Originally, these next two posts were supposed to be one post. But it turns out that I am not only verbose but also extremely long winded, the combination of which means that the posts must be divided.
I feel that this sign very accurately captures day three in Washington D.C. I know the posts below point to the fact that every day was busy, but this one FELT more busy than any of the others. And I did learn a few things from my counseling classes…no one can argue with my feelings. 🙂
When making my mental list for the sites that I wanted to hit when in D.C., the Holocaust Memorial Museum was my first pick. I know to some it might seem morbid, but ever since I took World History in school and learned about World War II this time period has been fancinating to me. I first heard about this museum when I was in Israel and since then have only heard how impactful it is.
Apparently, the way D.C. works is that most of the museums and exhibits there are free. This means they COST NOTHING. (Boy, would I have fun if I lived on the east coast…) The only catch is that some places have limits on how many people can make it through the venue within any given day. For this problem, they hand out a certain number of tickets to limit the number of bodies crushed into a small space. (For which I am eternally grateful…)
My parents and I got up in enough time to get to the metro station and make the 15 stop train ride to the Smithsonian exit. This exit was about a block away from the museum and we hastily gathered with the other people vying for tickets for the day (not getting a ticket was NOT acceptable). Providentially, we were able to make it in with the much-sought-after ticket.
We had some time before we had to be at the main exhibit, so we took some time to go through the rest of the museum and eat lunch before making our way there. For those of you not familiar with how the Holocaust museum is set up, you grab a little booklet about the size of a passport at the beginning of the main exhibit. This booklet contains the story of a real-life person to live through World War II and the Holocaust. At each section of the exhibit, you read what your person’s story was during that time period. The last page of the booklet tells you the fate of your person.
Then, they put you into an industrial-like elevator and you watch a short film on the way to the first floor of the exhibit. There are four floors total, each detailing the history of each part of the Holocaust.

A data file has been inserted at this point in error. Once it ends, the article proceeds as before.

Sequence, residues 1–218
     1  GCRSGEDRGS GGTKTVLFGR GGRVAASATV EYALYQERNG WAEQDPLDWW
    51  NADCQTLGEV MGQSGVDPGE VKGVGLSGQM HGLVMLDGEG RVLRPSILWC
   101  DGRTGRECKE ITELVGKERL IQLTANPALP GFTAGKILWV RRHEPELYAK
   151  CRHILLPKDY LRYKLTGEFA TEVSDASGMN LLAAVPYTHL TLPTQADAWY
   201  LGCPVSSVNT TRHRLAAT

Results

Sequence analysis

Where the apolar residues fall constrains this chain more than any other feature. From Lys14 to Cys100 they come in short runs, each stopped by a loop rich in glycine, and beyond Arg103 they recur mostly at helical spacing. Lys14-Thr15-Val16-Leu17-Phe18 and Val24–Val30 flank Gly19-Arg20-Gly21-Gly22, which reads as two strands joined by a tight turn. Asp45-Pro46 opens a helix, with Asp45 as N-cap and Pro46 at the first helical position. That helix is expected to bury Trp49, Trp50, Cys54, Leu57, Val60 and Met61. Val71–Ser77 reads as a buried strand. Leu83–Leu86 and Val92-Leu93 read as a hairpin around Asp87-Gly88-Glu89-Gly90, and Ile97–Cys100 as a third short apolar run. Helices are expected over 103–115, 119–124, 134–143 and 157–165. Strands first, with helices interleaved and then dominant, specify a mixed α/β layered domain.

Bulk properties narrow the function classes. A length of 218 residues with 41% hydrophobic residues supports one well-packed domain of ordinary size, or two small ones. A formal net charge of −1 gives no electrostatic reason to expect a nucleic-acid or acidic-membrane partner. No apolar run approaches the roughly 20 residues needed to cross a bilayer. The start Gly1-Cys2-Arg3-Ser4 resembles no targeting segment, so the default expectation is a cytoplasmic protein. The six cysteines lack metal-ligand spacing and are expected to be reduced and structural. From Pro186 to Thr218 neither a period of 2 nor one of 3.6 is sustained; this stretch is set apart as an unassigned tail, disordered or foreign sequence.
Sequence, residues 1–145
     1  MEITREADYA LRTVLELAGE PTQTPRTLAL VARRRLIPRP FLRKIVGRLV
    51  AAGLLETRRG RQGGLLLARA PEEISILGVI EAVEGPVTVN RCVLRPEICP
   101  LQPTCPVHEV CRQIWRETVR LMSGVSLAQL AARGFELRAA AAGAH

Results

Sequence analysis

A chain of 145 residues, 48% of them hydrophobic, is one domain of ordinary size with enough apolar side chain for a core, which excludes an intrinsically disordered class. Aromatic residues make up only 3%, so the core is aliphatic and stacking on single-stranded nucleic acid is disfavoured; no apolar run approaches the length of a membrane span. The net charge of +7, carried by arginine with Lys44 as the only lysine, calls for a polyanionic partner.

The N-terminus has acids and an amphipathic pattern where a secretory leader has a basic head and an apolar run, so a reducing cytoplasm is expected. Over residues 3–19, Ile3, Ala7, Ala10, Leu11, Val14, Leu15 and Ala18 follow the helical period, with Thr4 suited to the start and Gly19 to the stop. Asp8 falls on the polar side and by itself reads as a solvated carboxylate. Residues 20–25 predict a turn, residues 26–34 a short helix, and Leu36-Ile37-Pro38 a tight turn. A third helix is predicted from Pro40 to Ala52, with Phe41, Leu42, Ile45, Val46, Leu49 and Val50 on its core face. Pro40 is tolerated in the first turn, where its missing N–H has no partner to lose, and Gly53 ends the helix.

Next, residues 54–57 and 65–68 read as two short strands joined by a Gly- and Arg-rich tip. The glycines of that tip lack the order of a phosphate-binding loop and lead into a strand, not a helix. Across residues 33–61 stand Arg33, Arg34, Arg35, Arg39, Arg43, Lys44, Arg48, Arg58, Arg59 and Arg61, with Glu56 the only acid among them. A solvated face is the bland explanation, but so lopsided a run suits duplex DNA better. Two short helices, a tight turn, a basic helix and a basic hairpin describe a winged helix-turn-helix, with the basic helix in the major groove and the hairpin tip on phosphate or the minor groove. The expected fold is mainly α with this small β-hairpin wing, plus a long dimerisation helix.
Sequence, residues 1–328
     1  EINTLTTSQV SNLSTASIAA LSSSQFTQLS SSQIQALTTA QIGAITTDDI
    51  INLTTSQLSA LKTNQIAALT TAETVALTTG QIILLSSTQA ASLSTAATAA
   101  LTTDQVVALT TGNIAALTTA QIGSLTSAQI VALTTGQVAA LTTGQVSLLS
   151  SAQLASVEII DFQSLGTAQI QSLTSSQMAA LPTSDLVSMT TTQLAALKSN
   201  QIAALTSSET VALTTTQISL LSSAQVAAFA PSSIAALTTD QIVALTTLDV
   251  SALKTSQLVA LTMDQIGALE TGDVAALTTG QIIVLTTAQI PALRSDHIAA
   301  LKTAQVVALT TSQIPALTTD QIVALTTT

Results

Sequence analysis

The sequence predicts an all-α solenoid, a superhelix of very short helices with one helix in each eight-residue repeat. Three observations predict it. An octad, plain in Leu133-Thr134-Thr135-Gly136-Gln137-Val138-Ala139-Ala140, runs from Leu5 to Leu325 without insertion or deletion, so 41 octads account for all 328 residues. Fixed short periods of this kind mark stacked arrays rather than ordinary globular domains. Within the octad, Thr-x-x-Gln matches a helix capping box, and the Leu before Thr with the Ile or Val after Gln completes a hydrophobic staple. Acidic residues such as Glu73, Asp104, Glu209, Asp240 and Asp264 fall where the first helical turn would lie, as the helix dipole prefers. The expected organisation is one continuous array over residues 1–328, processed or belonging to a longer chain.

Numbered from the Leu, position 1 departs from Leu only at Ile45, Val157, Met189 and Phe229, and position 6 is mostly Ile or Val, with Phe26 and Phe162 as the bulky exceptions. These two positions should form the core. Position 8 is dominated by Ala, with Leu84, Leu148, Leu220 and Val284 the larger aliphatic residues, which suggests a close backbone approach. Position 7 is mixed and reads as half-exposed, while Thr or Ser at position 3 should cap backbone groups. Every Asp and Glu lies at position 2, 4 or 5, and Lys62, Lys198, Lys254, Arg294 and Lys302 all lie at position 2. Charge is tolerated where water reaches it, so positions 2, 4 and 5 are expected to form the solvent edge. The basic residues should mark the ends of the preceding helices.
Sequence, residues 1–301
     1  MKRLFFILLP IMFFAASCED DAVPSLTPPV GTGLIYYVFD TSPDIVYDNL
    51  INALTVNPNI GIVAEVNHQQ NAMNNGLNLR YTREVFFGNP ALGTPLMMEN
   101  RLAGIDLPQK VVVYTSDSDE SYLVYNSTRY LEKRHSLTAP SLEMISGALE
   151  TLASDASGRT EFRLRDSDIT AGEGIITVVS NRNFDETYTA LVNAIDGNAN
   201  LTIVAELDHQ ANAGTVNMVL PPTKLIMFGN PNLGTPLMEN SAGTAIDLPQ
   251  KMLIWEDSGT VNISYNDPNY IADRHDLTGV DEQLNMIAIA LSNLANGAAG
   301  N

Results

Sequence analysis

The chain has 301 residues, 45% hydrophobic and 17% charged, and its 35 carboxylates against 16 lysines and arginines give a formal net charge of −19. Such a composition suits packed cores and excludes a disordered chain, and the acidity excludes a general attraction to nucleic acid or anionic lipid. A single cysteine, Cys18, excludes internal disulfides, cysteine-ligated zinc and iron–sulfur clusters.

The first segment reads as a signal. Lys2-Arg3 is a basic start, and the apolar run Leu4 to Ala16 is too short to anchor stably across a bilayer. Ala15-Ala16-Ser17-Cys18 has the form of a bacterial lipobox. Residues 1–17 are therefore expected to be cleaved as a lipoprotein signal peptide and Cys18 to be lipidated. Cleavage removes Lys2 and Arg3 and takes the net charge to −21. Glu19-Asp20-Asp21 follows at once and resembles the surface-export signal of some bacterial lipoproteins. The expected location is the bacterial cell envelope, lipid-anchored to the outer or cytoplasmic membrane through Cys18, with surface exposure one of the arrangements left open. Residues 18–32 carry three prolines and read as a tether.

The first floor starts with the Nazi (and Hitler’s) rise to power, the second floor shows the beginning of Jewish persecution and America’s response (or lack thereof), the third floor feels darker and heavier and deals with the bulk of the concentration camps, ghettos, and death camps. Finally, you reach the fourth floor which gives you the resolution of the war and the lives of those that survived.
After going through it in its entirety, I can say that not only is it emotionally exhausting, but also leaves you on information overload. There are so many things to read, so many pictures that capture human life before and after the madness.
On one level, there are thousands or maybe even millions of shoes tossed into massive piles. The caption above reads: “We are the shoes, we are the last witnesses. We are shoes from grandchildren and grandfathers, from Prague, Paris, and Amsterdam, and because we are only made of fabric and leather and not of blood and flesh, each one of us avoided the hellfire.” – Moses Schulstein
I think the thing that stands out most to me was at the very end of the exhibit. They had a video playing on a loop of survivors speaking of their experiences during the death marches and end of the war. I can’t imagine going through what the survivors went through…but that’s exactly what the video did. It made me think about what I would have done in their shoes. Would I have survived? Would I have died? What if I could have helped them? Would I have risked myself for my fellow human being?
Those kind of thoughts really bring to reality the pages of history.
I wish I could post some pictures that could convey the depth of all I saw and felt, but I couldn’t take many because of the restrictions inside the exhibit. Here are some of the few I was able to take.
Downstairs, they have a children’s tile wall. The tiles depict children’s reactions to the Holocaust and cover a huge wall.
This is one of the entrances to the museum
Other than watching West Wing and keeping up a bit with the presidential election race, I’m really quite out of touch with what is happening in the world. It’s so easy to be isolated from other people’s problems. For me, the Holocaust Memorial Museum was important because it shows with extreme clarity what can happen when we all become self-focused. And that is a sobering thought that is well worth further consideration and a changed life.